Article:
It’s Camino season again, and it’s also long past time for me to write about my own experience along the Chemin de St. Jacques last year.
In 2016 (much like other pilgrims) I discovered how living a slower and pared-down life, savored at walking pace, can be a tranformative experience. It was such a powerful experience that it’s taken months to blog about it.
Last September I accompanied a friend on a 3-week trek along old pilgrimage routes in southwestern France. We hiked a 150-mile segment of the Via Podiensis, a little-known set of trails in rural France (GR 65 and 651.)
We walked 10–15 miles a day, carrying just hiking poles, daypacks and the day’s supply of water. We opted not to carry camping gear or backpacks; instead we luxuriated in a baggage service that shuttled our duffels from one guest house to the next.
Was this pilgrimage a truly life-changing experience?
In many ways, yes…
Six months later I’m still thinking through what I learned from this pilgrimage, what the journey’s teachings suggest for the next phase of my life… Despite my joy in telling stories or talking about it, I’ve been unusually challenged in writing down my reactions to this profound experience.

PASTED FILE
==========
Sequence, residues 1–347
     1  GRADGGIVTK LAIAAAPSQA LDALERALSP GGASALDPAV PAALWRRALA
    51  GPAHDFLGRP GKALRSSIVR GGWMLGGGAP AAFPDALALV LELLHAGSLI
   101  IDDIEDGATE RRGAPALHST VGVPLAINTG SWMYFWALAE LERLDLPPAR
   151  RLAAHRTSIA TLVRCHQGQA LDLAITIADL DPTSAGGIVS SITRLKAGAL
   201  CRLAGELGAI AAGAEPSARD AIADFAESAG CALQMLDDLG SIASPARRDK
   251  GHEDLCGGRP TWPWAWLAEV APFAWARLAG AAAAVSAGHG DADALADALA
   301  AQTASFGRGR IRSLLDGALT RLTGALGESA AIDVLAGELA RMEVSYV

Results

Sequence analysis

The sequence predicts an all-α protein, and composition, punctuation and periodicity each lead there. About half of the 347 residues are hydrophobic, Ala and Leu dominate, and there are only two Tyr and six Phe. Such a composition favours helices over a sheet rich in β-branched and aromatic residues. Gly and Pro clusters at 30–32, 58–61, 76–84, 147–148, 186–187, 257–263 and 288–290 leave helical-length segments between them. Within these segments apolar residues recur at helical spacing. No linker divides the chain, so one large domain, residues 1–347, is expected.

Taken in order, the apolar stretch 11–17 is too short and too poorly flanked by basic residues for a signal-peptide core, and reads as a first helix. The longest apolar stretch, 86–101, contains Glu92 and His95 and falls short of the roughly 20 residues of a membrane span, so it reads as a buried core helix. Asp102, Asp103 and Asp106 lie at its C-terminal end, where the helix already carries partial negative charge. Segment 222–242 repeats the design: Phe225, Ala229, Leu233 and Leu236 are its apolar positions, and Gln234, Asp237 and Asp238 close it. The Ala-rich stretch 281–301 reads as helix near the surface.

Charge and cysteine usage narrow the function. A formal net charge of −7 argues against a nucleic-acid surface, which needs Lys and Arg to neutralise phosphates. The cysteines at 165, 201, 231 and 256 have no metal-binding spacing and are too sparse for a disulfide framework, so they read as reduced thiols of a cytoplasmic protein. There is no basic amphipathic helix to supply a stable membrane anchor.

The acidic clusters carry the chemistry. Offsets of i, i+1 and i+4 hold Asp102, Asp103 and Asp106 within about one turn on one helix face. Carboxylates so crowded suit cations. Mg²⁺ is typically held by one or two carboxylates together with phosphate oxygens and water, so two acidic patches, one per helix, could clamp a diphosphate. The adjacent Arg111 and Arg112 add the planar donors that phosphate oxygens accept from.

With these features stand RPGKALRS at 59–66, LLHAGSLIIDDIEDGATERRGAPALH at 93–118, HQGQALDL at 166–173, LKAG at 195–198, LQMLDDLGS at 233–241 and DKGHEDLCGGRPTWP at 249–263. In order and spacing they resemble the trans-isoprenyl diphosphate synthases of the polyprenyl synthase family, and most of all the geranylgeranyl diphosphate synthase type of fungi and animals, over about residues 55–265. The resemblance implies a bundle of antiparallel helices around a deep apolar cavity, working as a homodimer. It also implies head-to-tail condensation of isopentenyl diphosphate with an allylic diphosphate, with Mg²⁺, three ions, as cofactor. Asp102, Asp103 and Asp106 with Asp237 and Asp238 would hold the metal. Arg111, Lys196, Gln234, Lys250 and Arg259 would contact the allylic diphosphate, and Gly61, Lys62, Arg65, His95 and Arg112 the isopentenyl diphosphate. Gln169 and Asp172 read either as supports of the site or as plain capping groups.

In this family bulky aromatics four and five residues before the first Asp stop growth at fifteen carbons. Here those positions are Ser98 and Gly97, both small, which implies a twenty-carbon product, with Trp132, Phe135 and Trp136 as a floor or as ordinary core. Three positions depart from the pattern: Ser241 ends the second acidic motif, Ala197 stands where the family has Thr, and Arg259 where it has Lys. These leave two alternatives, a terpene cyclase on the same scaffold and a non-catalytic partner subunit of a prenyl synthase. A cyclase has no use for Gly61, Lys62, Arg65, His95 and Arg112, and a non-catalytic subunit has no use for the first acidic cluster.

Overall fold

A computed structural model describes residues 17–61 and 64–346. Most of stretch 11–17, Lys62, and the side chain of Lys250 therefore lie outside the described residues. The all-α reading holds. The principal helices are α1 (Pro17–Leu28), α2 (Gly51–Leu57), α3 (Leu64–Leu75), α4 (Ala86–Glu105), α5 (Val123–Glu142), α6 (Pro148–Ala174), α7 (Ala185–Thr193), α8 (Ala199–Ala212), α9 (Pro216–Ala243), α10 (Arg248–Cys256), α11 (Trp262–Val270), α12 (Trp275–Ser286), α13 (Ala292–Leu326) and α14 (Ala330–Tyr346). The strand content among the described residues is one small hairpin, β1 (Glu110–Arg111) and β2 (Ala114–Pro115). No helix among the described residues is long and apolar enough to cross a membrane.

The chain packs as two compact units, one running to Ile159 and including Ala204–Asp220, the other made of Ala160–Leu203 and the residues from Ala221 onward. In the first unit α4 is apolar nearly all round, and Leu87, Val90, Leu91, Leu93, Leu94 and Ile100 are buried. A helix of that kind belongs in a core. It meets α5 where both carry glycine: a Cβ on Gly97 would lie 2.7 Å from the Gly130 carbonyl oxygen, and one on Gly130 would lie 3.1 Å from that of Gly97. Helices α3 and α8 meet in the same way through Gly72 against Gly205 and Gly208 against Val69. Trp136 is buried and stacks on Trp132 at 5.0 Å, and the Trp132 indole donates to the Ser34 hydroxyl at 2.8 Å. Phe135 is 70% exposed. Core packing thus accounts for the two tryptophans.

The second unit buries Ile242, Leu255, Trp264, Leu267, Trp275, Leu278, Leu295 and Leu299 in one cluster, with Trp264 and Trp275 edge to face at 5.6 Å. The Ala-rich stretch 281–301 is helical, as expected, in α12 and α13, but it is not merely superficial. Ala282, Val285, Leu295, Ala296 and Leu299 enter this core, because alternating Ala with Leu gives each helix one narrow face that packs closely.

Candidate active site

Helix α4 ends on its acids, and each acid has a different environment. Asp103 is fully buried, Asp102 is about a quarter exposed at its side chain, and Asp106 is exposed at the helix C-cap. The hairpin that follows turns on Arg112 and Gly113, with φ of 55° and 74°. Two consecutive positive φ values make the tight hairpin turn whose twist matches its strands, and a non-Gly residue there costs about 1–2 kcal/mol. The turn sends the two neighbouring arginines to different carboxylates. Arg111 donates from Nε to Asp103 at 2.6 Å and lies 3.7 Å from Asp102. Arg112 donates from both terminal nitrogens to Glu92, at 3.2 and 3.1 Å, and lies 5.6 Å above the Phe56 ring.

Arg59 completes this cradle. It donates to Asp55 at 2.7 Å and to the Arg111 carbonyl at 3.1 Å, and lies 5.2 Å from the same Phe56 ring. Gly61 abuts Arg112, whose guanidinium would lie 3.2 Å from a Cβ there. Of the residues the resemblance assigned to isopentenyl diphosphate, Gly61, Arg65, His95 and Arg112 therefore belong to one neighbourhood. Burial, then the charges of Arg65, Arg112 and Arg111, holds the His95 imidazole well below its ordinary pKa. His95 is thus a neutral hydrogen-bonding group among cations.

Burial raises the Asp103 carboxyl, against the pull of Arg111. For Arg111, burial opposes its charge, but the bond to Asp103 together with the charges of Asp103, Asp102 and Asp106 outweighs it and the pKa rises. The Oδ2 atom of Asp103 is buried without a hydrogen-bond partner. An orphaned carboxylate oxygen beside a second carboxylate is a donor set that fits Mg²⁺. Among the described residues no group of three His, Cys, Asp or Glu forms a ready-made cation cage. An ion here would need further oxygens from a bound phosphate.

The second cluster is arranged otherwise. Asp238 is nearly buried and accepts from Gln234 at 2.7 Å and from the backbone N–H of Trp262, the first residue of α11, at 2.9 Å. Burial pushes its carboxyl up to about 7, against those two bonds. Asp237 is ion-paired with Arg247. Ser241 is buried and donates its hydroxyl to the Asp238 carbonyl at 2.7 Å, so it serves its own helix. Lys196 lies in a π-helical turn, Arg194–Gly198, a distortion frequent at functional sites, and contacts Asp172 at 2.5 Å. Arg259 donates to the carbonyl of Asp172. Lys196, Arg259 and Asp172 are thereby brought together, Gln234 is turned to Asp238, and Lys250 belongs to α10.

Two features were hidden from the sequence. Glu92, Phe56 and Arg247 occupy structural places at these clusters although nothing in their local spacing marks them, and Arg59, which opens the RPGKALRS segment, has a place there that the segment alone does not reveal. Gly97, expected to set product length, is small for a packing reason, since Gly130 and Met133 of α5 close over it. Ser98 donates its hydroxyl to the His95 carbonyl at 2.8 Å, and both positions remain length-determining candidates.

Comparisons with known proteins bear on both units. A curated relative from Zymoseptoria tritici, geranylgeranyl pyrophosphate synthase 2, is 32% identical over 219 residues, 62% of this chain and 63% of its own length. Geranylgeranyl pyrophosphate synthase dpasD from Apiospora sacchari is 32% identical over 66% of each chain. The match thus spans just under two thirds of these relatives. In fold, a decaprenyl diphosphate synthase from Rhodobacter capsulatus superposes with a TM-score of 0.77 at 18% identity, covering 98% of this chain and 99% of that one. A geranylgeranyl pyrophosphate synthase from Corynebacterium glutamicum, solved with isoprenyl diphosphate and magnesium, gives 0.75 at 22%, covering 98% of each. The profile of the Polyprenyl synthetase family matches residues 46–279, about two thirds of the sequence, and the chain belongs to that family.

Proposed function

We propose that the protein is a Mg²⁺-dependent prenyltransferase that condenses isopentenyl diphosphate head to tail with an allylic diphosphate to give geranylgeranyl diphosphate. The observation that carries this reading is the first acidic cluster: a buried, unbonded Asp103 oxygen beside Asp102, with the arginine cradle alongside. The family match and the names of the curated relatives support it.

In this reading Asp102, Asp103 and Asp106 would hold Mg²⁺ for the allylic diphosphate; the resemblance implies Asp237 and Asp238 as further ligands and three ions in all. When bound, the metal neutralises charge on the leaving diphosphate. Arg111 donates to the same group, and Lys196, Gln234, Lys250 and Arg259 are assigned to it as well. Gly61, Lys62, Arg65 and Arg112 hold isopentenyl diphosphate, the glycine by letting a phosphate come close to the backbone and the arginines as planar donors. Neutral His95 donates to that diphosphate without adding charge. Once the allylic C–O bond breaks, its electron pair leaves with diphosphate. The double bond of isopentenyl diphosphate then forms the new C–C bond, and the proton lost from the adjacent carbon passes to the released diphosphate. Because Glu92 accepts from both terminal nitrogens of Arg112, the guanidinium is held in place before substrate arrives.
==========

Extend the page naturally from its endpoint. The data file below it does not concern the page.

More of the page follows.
So what have I learned so far? Here are a few of my take-aways, listed in no particular order:
- Spending lots of time and energy on a professional career has lost its attraction.
- Talking with people, sharing experiences — in person and face to face — is powerfully compelling. Why have I allowed social media alternatives to distract me from those basic truths?
- Long walks, in rain or shine, need to remain a regular feature of my life — if not daily, at least many miles walked throughout the week.
- Suffering and discomfort are unavoidable, but can be accepted and transcended. They do not need to be all-consuming.
- I do not need so many things to be happy.
Walking offers a lifelong path to happiness and wellbeing — and as my sister says, may help me stay “younger each year.”
Walking 35 miles or more each week has become a wonderful complement to my on-going yoga practice. Walking offers many meditative qualities, but it’s also easier to share with my husband and friends than a yoga practice.